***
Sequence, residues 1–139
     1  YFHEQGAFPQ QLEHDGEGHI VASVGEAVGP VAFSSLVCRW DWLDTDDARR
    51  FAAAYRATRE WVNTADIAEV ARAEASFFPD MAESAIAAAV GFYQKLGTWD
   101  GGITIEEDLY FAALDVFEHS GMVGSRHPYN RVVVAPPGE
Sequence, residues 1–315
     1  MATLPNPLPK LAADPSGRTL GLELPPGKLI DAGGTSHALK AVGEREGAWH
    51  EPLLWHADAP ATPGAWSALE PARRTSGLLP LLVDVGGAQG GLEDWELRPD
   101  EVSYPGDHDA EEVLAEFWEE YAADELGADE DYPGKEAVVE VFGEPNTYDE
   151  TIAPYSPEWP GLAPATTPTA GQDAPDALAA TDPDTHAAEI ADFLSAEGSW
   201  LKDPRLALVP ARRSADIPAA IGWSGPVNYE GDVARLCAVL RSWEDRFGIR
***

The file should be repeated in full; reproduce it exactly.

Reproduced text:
Sequence, residues 1–139
     1  YFHEQGAFPQ QLEHDGEGHI VASVGEAVGP VAFSSLVCRW DWLDTDDARR
    51  FAAAYRATRE WVNTADIAEV ARAEASFFPD MAESAIAAAV GFYQKLGTWD
   101  GGITIEEDLY FAALDVFEHS GMVGSRHPYN RVVVAPPGE
Sequence, residues 1–315
     1  MATLPNPLPK LAADPSGRTL GLELPPGKLI DAGGTSHALK AVGEREGAWH
    51  EPLLWHADAP ATPGAWSALE PARRTSGLLP LLVDVGGAQG GLEDWELRPD
   101  EVSYPGDHDA EEVLAEFWEE YAADELGADE DYPGKEAVVE VFGEPNTYDE
   151  TIAPYSPEWP GLAPATTPTA GQDAPDALAA TDPDTHAAEI ADFLSAEGSW
   201  LKDPRLALVP ARRSADIPAA IGWSGPVNYE GDVARLCAVL RSWEDRFGIR